The Cleveland Orchestra has just renewed Franz Welser-Möst’s contract as music director to 2027,a tenure that will amount to 25 years.
Over that period, he has survived the departure of two chief executives and the turbulent #Metoo removal of his concertmaster, focussing all the while on the orchestra, its content and its quality.
Chairman Richard K. Smucker said: ‘From Franz’s work here over the past quarter century, from everything we’ve witnessed and experienced across our Centennial Celebrations in 2018 to today, and through ongoing discussions and plans for the future, I know there is so much more to look forward to. This pairing, of Franz Welser-Möst and The Cleveland Orchestra, is already among the most successful artistic partnerships in the world today. Newspapers regularly proclaim Cleveland’s Orchestra under Franz’s baton as ‘America’s finest,’ as ‘America’s best,’ as ‘one of the top three in the world.’ This recognition inspires in us great pride and deep humility — as well as extraordinary awe and thanks to these exemplary, hard-working musicians. But, and let me say this loud and clear, together we know that Franz Welser-Möst and The Cleveland Orchestra can do even more. Franz’s vision and leadership reach across all areas of our institution, building and fostering our commitment to music education, dedicated to excellence, and determined to play more music for more people, to inspire young and old alike through the incredible power of music.’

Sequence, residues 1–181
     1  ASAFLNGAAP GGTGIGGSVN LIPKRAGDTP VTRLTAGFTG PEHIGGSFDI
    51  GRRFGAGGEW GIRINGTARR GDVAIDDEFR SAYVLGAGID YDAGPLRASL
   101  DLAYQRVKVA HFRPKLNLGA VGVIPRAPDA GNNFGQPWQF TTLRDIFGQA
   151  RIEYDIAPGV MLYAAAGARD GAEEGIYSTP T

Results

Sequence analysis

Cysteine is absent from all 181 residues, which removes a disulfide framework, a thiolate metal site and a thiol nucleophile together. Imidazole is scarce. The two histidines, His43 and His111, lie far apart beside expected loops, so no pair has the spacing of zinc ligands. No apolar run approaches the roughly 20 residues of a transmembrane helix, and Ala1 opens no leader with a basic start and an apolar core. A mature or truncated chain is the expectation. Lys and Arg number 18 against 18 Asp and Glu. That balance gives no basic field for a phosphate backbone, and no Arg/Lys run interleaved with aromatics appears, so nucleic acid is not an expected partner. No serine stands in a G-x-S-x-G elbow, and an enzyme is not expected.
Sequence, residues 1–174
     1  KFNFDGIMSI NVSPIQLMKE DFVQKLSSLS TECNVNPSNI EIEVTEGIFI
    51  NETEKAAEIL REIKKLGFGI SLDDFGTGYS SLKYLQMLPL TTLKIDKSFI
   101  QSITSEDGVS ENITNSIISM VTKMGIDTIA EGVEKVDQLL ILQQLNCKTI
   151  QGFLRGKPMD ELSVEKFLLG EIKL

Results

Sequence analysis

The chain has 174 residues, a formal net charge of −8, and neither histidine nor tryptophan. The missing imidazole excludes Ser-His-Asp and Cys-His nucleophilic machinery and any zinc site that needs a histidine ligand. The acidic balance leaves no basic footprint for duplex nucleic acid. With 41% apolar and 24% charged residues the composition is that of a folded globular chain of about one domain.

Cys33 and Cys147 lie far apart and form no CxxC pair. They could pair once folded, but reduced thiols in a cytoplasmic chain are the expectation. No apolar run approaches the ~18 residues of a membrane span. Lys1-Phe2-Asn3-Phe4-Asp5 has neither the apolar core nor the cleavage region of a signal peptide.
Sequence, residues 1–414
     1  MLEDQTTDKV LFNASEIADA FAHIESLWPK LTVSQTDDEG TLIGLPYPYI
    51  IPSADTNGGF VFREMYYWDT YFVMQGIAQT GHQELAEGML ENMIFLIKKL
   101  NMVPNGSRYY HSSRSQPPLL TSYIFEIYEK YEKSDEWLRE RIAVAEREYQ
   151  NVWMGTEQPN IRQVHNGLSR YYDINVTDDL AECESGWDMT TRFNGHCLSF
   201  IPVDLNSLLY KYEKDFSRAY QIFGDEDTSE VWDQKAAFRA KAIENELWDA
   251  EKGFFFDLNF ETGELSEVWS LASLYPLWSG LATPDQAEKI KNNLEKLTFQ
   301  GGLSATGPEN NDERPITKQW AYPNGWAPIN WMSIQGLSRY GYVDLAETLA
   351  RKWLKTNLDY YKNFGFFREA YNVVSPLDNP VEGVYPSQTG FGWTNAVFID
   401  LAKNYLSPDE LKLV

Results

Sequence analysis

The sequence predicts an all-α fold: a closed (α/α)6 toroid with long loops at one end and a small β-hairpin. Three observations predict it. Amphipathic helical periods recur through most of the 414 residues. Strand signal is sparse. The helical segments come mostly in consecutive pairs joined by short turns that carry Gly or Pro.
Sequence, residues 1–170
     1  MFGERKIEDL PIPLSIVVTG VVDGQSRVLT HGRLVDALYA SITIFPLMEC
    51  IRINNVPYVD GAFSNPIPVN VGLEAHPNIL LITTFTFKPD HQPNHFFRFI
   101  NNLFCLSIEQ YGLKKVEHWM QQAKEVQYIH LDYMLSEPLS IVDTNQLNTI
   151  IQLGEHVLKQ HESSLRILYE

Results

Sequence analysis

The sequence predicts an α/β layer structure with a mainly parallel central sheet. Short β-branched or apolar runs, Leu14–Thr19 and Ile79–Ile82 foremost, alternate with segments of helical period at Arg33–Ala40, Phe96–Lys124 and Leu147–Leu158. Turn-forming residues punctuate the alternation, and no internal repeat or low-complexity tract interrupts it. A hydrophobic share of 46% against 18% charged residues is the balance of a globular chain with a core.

Franz said: ‘I am humbled by the faith that the musicians of the Orchestra and everyone in Cleveland has placed in my hands,” commented Franz Welser-Möst. “From the beginning, I have been inspired by Cleveland’s musicians and by the support and keen interest that the entire Cleveland community provides to The Cleveland Orchestra. I continue to be energized by these incredible artists and by all that we are able to do together. There is no better place in the world to work and to create music together than what The Cleveland Orchestra and community have offered to me.’